This gives Clinton a major advantage. Since 1992, 18 states and the District of Columbia have voted for the Democratic candidate in every presidential election. Assuming this so-called “blue wall” doesn’t crumble, Clinton starts with 242 electoral votes already in the bag. If she simply adds Florida, with its 29 electoral votes, she will reach 271 and therefore the White House.
Put more simply, if Clinton wins Florida – which has voted for Obama twice – she will almost certainly be America’s 45th president. And even if she loses Florida, she could still win with a variety of other state combinations: the blue wall plus Ohio plus Virginia, for example. Again, Obama managed that feat in 2012, winning many other “swing states” besides.
Playing to the crowd
Clinton’s electoral challenge is therefore much more straightforward than Trump’s. Only 13 states have voted Republican with the same regularity as the “blue wall”, and they are less populous; as a result, Trump can only count on a guaranteed 102 electoral votes.
This means Trump’s path to the White House will necessarily run through a string of swing states, not just one. More challenging still, most of those swing states – Wisconsin, say, and Pennsylvania – have leaned Democratic in recent elections. It’s hard to imagine a scenario where Trump both loses Florida and wins the White House.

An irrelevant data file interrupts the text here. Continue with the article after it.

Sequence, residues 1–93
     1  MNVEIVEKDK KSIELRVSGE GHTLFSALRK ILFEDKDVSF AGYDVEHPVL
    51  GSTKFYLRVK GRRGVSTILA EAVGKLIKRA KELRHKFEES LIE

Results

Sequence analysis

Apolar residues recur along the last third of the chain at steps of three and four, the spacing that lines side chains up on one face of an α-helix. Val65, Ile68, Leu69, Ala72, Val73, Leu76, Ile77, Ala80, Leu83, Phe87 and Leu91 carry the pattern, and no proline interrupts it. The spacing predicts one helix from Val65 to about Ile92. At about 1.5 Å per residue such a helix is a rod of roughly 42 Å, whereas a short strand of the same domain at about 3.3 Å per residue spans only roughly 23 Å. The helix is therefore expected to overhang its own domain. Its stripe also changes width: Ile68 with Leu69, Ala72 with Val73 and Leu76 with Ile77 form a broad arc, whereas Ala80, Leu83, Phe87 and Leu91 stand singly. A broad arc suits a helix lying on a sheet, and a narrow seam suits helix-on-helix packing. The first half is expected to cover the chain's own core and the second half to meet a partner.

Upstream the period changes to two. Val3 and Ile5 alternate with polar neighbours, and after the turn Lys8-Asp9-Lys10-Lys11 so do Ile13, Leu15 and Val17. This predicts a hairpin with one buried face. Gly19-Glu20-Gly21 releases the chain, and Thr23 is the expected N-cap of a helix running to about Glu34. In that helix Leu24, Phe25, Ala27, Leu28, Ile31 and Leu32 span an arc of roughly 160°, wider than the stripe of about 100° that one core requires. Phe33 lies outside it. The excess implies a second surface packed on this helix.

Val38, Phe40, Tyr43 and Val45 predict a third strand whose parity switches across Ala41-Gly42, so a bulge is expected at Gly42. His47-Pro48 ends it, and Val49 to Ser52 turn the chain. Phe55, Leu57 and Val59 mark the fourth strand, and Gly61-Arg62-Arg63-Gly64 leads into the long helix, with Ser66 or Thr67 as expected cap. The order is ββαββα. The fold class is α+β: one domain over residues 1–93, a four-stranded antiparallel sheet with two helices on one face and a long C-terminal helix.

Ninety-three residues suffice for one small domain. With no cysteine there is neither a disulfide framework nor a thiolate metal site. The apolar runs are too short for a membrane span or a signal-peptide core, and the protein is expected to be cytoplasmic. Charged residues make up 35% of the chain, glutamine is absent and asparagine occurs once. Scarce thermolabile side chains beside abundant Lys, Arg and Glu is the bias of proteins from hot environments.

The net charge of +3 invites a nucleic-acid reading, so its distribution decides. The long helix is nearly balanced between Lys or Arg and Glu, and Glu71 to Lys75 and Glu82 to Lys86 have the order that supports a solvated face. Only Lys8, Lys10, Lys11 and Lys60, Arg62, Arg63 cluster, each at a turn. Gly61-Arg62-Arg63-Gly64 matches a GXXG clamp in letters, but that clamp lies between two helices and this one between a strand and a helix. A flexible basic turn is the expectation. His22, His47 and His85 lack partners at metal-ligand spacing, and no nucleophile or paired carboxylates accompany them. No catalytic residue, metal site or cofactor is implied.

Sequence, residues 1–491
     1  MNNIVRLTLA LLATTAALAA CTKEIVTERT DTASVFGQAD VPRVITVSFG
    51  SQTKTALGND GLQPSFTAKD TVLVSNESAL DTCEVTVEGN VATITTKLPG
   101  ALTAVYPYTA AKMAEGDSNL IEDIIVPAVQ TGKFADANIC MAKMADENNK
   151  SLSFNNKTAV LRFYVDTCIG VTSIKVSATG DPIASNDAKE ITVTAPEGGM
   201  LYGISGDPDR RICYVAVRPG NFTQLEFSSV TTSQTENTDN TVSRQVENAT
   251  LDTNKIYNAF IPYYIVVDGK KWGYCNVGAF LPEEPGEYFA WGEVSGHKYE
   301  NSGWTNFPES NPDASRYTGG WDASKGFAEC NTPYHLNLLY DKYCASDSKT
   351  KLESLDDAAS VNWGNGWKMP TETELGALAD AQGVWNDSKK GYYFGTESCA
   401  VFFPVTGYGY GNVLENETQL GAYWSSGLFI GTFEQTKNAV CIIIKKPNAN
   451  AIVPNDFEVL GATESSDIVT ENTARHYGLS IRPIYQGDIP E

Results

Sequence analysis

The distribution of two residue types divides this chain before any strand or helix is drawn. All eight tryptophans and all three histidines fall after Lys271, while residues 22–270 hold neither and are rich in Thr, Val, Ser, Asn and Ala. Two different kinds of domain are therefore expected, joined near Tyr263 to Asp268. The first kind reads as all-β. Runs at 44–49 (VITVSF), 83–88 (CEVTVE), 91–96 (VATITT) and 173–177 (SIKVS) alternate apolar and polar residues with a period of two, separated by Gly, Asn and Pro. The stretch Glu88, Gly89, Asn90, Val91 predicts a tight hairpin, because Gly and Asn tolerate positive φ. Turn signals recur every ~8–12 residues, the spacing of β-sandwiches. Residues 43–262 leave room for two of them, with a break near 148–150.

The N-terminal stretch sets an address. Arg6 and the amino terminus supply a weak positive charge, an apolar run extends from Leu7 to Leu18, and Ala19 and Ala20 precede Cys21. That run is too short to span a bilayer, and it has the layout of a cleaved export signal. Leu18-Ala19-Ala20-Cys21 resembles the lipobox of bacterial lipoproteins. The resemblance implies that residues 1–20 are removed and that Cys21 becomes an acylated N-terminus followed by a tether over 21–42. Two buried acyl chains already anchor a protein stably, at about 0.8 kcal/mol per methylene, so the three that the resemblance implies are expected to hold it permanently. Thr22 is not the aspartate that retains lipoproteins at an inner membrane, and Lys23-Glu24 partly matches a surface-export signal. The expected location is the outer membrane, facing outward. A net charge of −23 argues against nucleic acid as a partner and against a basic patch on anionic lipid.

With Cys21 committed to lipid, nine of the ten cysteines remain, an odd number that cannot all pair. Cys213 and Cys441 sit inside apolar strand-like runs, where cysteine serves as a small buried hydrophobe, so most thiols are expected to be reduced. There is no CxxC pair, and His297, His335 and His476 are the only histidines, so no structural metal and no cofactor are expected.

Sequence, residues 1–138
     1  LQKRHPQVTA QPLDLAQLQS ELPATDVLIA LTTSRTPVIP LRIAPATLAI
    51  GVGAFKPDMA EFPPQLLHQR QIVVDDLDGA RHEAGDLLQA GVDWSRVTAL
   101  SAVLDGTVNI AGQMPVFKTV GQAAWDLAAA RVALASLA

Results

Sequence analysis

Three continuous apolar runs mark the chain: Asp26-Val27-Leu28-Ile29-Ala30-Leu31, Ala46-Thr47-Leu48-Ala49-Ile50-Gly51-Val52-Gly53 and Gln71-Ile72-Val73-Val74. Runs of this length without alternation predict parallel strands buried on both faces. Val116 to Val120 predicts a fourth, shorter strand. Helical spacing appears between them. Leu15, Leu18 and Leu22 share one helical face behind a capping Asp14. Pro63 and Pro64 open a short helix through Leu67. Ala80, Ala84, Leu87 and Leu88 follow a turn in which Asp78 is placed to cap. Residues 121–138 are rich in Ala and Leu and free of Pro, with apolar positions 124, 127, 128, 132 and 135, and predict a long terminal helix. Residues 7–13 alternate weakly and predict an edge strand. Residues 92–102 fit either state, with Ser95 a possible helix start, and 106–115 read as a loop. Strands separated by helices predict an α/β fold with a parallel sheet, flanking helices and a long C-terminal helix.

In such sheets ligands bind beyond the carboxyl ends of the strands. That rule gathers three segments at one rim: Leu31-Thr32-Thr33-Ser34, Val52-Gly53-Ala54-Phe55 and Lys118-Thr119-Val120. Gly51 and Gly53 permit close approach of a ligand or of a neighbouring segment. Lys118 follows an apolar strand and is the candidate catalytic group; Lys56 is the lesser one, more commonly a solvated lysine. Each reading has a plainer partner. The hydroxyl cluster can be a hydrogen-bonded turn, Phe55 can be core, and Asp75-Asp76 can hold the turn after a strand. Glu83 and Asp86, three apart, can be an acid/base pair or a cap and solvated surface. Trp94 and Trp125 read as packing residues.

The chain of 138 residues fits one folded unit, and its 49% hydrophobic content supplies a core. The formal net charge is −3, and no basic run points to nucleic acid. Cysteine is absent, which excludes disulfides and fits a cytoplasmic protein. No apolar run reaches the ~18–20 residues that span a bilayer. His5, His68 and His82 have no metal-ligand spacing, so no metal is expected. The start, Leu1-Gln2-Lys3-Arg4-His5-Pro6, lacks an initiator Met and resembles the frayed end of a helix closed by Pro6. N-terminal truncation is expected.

Again, demographics are his problem. Of Floridians, 23% identify as Hispanic/Latino, and the state is home to the third-largest bloc of Latino voters in the US.
Clinton’s campaign is well aware of this, and is working hard to make hay of it while the sun shines. For proof, look no further than her recently unveiled running mate, Virginia Governor Tim Kaine.
His addition to the ticket is an attempt to stem the flow of alienated white male voters to Trump, but it’s also a clear overture to Latino voters. Kaine’s debut on stage with Clinton in Florida saw him effortlessly slipping between English and Spanish; he is fluent in Spanish due to a year spent living in Honduras as a young man.
Kaine will be a powerful weapon as he crisscrosses battleground states, particularly ones like Florida with large Spanish-speaking populations.
So even as the Democrats gather to nominate Clinton with Trump apparently leading the polls, they know full well that if they play their cards right, his startling advantage among white voters (and men in particular) can still be trivialised. Winning white voters no longer necessarily wins you the White House.